Qantas apologises after app compromised in serious data breach

The airline has 'sincerely apologised' after many customers' flight details were accessed by complete strangers.

A Qantas plane in the air.
Qantas is investigating a reported app glitch that has seen travellers' private details leaked. Source: Getty

Qantas has "sincerely apologised" to customers after a security breach on Wednesday morning saw multiple passengers' details and boarding passes widely distributed, with many travellers claiming they could make changes and even cancel bookings of complete strangers.

The glitch was first noticed at 9am this morning with Qantas confirming by midday it had been resolved. "Current investigations indicate that it was caused by a technology issue and may have been related to recent system changes," a spokesperson told Yahoo News Australia.

"At this stage, there is no indication of a cyber security incident. The issue was isolated to the Qantas app with some frequent flyers able to see the travel information of other customers, including name, upcoming flight details, points balance and status.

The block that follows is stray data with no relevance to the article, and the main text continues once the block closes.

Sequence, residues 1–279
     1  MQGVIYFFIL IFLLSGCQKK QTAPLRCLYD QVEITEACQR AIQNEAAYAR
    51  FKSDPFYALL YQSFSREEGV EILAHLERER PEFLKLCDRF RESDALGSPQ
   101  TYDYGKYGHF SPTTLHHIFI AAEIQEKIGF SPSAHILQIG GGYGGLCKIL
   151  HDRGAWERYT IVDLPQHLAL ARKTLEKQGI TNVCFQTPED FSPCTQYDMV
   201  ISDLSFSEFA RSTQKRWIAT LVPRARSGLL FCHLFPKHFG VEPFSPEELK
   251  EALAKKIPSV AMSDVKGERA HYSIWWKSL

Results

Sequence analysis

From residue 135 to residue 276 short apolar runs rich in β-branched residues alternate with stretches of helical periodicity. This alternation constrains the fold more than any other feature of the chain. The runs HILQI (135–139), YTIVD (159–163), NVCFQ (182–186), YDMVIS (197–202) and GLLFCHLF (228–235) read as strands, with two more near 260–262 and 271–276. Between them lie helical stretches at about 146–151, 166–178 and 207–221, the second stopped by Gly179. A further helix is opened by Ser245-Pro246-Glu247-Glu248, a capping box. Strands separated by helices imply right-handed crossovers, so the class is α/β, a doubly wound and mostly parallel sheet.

"No further personal or financial information was shared and customers would not have been able to transfer or use the Qantas Points of other frequent flyers."

The airline added that it was "not aware of any customers" travelling with "incorrect boarding passes".

Earlier on social media, several people posted about being able to see other passengers' private details.

"I have access to three different people's profiles when I opened it [the Qantas app] this morning," a concerned man wrote in a frequent flyer group this morning. "I don't know any of them."

Another man said his Qantas app logs him into a different account each time he opens it.

"My app logs me in to a different person each time. I have access to the booking details, QFF numbers, status, and boarding passes of people I don’t know. Logging out and back in does nothing," he said, while another claimed they had the ability to “cancel someone’s flight to Europe”.

There were several fake Qantas accounts claiming to be the airline's customer service staff circulating on social media as the glitch unfolded. "Lots of phishing accounts trying to wriggle in on the Qantas data breach," one woman warned others online.

Screen grabs show fake Qantas profiles on X, formerly Twitter, asking affected customers for personal details so that they can "look into the matter".

"Please be aware of social media scams at this time," a Qantas spokesperson urged the public.

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